CS: I love the fact that you have all these former co-stars of Paul coming back in different ways, which was pretty cool. You knew Zooey already and had worked with her before.
Yeah, Zooey and I have been friends for nine or ten years, and Emily and I have been friends for a long time, and we always talked about wanting to do a movie together some day. So, we were really working towards that.
CS: Paul's very collaborative. I interviewed Jim Brooks and he was saying how collaborative Paul was, so how much did you want to flesh out the character before Paul got on board, and was Paul kind of involved in that?
Well, I think we wanted it in as good of shape as it could be in before we showed it to him. When we had a draft, he came in at the end and sort of weighed in on how he would want to shape that character a little bit. We were just completely psyched to have his input, and he had really smart things to say about that character.
There were notes that he gave us that really allowed him to ground the character in something that he could play dramatically. We knew that he would play the comedy of it, but he needed a couple of things to make it emotionally feel like there was a through line that he was really clear about. The little notes that he gave us, I think are some of the really great, crucial additions to the script.
CS: What about Paul's long hair and beard? Did he actually grow all that?
That was pretty much all real.
CS: Even though this is about Ned, it's a real ensemble and everyone gets their own moments. Is it possible to have too many funny people in a movie that it just gets out of control, or is it just a luxury to be able to have people who can throw out ideas?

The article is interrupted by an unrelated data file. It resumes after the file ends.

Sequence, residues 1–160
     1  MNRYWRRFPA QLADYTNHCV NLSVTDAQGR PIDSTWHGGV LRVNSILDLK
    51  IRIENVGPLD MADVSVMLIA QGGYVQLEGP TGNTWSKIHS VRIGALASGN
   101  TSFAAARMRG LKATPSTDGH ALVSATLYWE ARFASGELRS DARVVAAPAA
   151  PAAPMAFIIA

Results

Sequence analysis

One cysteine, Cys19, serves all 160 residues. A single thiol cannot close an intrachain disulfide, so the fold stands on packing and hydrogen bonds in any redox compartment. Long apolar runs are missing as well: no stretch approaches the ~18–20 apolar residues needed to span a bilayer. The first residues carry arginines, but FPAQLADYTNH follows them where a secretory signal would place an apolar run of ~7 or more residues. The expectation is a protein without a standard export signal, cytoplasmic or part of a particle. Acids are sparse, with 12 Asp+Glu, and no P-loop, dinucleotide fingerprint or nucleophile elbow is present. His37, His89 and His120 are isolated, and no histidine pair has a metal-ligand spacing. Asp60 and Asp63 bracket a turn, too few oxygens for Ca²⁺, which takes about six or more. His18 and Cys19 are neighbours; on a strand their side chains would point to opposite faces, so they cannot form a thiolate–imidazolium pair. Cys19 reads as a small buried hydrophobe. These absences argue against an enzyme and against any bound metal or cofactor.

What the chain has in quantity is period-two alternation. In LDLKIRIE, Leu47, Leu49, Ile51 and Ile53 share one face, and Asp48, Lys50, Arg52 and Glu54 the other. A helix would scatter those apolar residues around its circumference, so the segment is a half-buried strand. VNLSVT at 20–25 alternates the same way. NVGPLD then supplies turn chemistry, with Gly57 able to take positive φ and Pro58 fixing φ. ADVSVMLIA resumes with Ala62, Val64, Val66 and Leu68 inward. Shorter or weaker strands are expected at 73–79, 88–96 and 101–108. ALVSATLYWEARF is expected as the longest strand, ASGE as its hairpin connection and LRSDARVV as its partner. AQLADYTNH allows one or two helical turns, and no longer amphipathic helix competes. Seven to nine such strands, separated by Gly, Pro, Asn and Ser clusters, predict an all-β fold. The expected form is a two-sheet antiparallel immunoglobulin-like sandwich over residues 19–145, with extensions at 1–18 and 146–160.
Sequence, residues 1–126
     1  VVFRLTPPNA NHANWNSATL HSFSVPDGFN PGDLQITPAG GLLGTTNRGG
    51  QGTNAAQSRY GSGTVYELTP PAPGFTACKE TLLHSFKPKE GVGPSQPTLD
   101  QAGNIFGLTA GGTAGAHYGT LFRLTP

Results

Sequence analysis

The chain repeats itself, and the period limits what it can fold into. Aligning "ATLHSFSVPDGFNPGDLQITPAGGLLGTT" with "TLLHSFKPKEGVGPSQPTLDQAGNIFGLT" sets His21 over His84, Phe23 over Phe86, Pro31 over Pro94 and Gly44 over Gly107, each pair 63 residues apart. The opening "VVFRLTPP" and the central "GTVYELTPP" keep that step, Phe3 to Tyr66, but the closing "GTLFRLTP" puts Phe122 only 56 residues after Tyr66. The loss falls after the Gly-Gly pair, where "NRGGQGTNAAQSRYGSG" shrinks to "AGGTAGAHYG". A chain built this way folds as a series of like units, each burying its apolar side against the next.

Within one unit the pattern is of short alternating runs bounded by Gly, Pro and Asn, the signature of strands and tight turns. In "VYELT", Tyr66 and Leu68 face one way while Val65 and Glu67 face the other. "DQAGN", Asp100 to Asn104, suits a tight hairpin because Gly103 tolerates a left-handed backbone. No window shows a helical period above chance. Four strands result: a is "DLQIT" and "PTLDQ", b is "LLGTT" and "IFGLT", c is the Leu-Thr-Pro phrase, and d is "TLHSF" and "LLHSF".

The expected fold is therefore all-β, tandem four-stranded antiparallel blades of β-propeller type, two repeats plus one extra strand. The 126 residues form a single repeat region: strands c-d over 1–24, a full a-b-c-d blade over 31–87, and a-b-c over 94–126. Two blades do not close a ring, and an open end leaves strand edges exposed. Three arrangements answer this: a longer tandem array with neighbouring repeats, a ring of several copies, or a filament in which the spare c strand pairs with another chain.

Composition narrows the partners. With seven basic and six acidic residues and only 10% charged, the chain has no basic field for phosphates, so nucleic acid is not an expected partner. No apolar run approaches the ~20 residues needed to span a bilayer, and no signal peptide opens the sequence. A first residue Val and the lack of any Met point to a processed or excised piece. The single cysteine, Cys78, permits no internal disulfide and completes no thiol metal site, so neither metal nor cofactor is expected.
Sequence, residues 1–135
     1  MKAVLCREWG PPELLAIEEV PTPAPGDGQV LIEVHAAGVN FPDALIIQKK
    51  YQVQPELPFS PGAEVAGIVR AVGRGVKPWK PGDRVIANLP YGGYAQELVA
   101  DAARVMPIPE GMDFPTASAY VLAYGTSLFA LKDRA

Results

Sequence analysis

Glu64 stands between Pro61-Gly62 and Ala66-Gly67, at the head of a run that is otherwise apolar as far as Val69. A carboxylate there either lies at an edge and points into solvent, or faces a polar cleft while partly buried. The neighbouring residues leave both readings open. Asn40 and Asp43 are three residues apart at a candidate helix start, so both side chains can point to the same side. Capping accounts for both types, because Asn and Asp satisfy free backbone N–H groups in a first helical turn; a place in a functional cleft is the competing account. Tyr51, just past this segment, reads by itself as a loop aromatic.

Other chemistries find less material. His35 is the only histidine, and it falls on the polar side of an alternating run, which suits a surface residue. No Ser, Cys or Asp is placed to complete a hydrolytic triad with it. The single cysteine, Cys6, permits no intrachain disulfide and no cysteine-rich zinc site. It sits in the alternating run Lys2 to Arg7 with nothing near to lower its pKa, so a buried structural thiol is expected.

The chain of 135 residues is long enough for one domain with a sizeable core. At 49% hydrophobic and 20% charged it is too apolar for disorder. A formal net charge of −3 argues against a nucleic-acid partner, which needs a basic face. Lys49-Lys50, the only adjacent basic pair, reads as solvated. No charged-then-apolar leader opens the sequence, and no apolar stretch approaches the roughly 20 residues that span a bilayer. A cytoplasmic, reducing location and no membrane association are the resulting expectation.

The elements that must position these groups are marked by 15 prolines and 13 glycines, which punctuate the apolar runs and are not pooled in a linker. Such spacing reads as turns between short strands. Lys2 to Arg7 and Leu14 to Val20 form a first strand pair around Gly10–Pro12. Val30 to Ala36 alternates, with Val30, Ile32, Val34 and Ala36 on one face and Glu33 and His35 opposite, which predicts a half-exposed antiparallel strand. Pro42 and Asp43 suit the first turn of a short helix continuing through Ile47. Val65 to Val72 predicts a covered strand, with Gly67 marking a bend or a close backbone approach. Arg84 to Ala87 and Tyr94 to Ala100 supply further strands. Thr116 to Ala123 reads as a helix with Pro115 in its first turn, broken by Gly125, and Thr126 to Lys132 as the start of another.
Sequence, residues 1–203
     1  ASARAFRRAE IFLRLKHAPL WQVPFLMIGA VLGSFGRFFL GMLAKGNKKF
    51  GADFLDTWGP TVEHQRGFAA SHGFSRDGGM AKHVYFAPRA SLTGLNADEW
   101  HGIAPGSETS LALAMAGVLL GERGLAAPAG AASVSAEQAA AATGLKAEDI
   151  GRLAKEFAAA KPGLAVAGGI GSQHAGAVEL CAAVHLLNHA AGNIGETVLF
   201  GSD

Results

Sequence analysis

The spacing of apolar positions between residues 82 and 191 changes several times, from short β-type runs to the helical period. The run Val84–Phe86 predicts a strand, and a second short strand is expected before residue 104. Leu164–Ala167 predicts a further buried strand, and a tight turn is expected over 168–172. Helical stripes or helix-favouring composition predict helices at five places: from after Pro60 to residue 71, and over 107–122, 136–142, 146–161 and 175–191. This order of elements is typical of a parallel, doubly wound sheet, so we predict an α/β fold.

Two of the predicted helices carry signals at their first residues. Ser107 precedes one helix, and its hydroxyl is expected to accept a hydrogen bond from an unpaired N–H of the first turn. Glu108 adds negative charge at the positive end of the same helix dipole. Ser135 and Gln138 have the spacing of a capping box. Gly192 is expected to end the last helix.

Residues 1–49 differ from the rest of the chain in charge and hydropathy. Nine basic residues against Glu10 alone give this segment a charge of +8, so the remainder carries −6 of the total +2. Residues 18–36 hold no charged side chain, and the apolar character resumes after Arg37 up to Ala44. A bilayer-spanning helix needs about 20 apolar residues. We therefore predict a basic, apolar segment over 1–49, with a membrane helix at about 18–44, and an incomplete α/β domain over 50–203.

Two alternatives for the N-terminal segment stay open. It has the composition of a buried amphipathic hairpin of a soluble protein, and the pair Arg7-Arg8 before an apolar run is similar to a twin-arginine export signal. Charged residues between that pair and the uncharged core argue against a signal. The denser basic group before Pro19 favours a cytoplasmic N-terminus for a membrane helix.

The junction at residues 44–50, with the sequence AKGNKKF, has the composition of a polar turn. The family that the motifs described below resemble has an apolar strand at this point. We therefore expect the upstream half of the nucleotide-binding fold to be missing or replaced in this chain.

I mean, that obviously was a concern, like are we trying to spread ourselves too wide with all these movie stars, with a lotta people who are funny or whatever? My feeling is that we really structured the story so that, I think at least, that it was gonna work dramatically, but always with a concept that we thought that there was a way that the attention to detail with the cast in the right way, that hopefully there would be moments that would play comedically at the same time.
CS: In so many comedies, whenever drama is brought in, it throws off the balance of humor and it's really hard to do that, and in this, even though there's dramatic stuff, it's still a funny enough character that it stays interesting. Did you have a lot of stuff to work with when you were editing it together? Was it a lot harder to figure out how to do that?
Oh yeah, thanks. Definitely there was a lot of shuffling around the order of scenes to hit the right balance. I mean, we're juggling a lot of storylines and a lot of characters, so there was definitely a fair amount of work in the editing room to try to hit a good balance where you didn't lose any character or storyline too long, or you didn't stay with one storyline for too long. Obviously, Paul plays the kind of throughline, vortex character of everything, so one of the things that we also really were conscious of was making sure that everything was constantly coming back to Ned.
CS: How involved were you when your brother started shooting? Did you kind of have the script and you left it?
Me and my husband (David), I would say one of us was there pretty much every day, and watching really carefully. I would have an idea and whisper it to Jesse and a couple of those made it into the script. It was great to see it being performed and you could really see that a line such as whatever could work really well at that moment.
CS: Did you have any kind of rehearsals with anyone? I know with so many different actors it would be hard to put anything together.
No, there was no rehearsal whatsoever.
CS: The fact most of them knew each other, you probably didn't need much.